Osweiler (after signing that deal) played one(!!!) season in Houston and averaged an adjusted 4.34 adjusted net yards per pass attempt. What does that mean? If effectively means that every time the Houston Texans dropped back to pass they gained an average next of 4.34 yards. Shoot, you want some historical context year? Osweiler had 510 pass attempts and averaged 5.80 yards per attempt. Only eleven times IN THE HISTORY OF FOOTBALL has a quarterback attempted over 500 passes and averaged below 6 yards per attempt.

Osweiler's 5.80 yards per attempt falls as the 8th worst on the list -- in his first year with a team that just gave him $37M.

I ask again -- how badly did this end? The Texans traded Osweiler after that first season to the Cleveland Browns -- and they had to give up a 2nd-round pick in 2018 in addition to Osweiler to just get him to go away.

STUD - Green Bay Packers DL Reggie White

I'm trying to do the math in my head and figure out how exactly the Philadelphia Eagles let Reggie White walk out the door. White played his first 8 seasons with the Eagles and logged an incredible 124.0 sacks with the Birds during that time.

READ: Reggie White averaged 15.5 sacks a season for 8 seasons with the Eagles and they let him hit free agency.

White would hit the road and head west -- to Green Bay. White spurned the Washington Redskins and San Francisco 49ers to sign a 4-year, $17M deal with the Packers in 1993 and proceeded to play 6 years for the Packers and log 68.5 sacks over that timeframe. Oh, yeah. And a Super Bowl title in 1997.

DUD - Washington Redskins DL Albert Haynesworth

Good news, Redskins fans. You may have missed out on Reggie White but at least y'all got your man in Albert Haynesworth! The Redskins signed Haynesworth away from the Tennessee Titans in 2009 on a 7-year, $100M contract with $41M in guaranteed cash.


This man got quarterback money after logging 24 sacks in 7 years. Granted -- my guy was a nose tackle who was much more of a run defending presence, but is that really going to excuse this contract? Haynesworth was 28 years old in year one of his contract with the Redskins and thinks went...okay. Conditioning was a problem -- he often appeared gassed and had to be taken out of games. Fast forward 12 months after Haynesworth signed his deal and the big man infamously failed his offseason conditioning test.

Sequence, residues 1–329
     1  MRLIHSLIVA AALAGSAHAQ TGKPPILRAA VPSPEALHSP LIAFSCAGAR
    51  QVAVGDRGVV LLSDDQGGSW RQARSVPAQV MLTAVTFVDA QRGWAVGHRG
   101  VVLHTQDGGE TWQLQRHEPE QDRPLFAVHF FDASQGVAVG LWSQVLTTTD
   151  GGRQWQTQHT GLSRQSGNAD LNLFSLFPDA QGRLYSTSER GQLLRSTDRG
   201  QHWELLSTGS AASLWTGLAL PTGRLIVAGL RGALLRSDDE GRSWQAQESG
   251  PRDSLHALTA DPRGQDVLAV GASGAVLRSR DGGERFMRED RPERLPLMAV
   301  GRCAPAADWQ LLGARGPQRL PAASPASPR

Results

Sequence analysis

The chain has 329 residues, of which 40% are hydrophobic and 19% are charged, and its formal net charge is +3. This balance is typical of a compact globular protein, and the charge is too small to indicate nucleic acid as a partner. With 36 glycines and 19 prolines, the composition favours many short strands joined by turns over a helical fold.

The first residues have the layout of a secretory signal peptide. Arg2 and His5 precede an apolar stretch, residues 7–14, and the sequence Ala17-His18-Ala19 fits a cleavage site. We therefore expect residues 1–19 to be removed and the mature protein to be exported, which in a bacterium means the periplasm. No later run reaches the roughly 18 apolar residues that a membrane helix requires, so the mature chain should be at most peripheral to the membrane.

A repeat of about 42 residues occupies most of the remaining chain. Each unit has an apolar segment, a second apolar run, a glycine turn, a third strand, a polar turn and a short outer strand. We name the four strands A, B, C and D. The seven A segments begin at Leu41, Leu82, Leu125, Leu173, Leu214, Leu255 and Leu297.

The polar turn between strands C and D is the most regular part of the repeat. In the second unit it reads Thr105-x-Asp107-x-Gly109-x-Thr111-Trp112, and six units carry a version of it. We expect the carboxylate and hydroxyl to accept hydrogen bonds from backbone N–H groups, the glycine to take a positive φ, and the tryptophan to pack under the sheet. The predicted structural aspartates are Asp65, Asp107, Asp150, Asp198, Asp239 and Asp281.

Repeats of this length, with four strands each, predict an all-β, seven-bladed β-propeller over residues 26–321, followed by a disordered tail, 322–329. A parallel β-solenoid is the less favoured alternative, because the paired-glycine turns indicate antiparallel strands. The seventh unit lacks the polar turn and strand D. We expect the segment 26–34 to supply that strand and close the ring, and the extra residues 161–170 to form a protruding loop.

Not only did Haynesworth fail his test, he failed it on multiple occasions. The first time he failed, Haynesworth actually passed the time threshold -- but violated the rules by spending the next 10 minutes walled up in a bathroom when you're only permitted a three and a half minute break.

I wonder if he wiped with a few Benjamin Franklins when he was done...

STUD - Dallas Cowboys CB Deion Sanders

Primetime signed with the Dallas Cowboys in the 1995 offseason after playing 5 seasons in Atlanta and one in San Francisco (his year with the 49ers was phenomenal...he logged 6 interceptions and had three defensive touchdowns). Prime would get a 5-year, $30M contract -- a heft amount of coin in 1995. Remember, Reggie White got 4-years, $17M from the Packers in '93.

Sanders would prosper in Dallas, logging 14 interceptions during his tenure and scoring three 1st-team All-Pro seasons along the way. Dallas would win the Super Bowl in 1995, too -- Sanders' first year on the team.

DUD - Washington Redskins CB Deion Sanders

WELP. Primetime giveth and Primetime taketh away. The Redskins -- I'm sure you're shocked to see another bad contract from them -- gave Sanders a 7-year, $55M contract in 2000. Bonkers money. Crazy money. To a 33 year old cornerback. The Redskins literally signed him to play until he was 40. What are we doing here?

Long story short, Sanders let them off the hook. Sanders played in 2000 but retired -- and stayed retired until 2004 before playing two years with the Baltimore Ravens.

Written By:

Kyle Crabbs

Director of Content

Director of Content & Senior NFL Draft Analyst for The Draft Network. Co-host of the Draft Dudes podcast. Former NDT Scouting Overlord.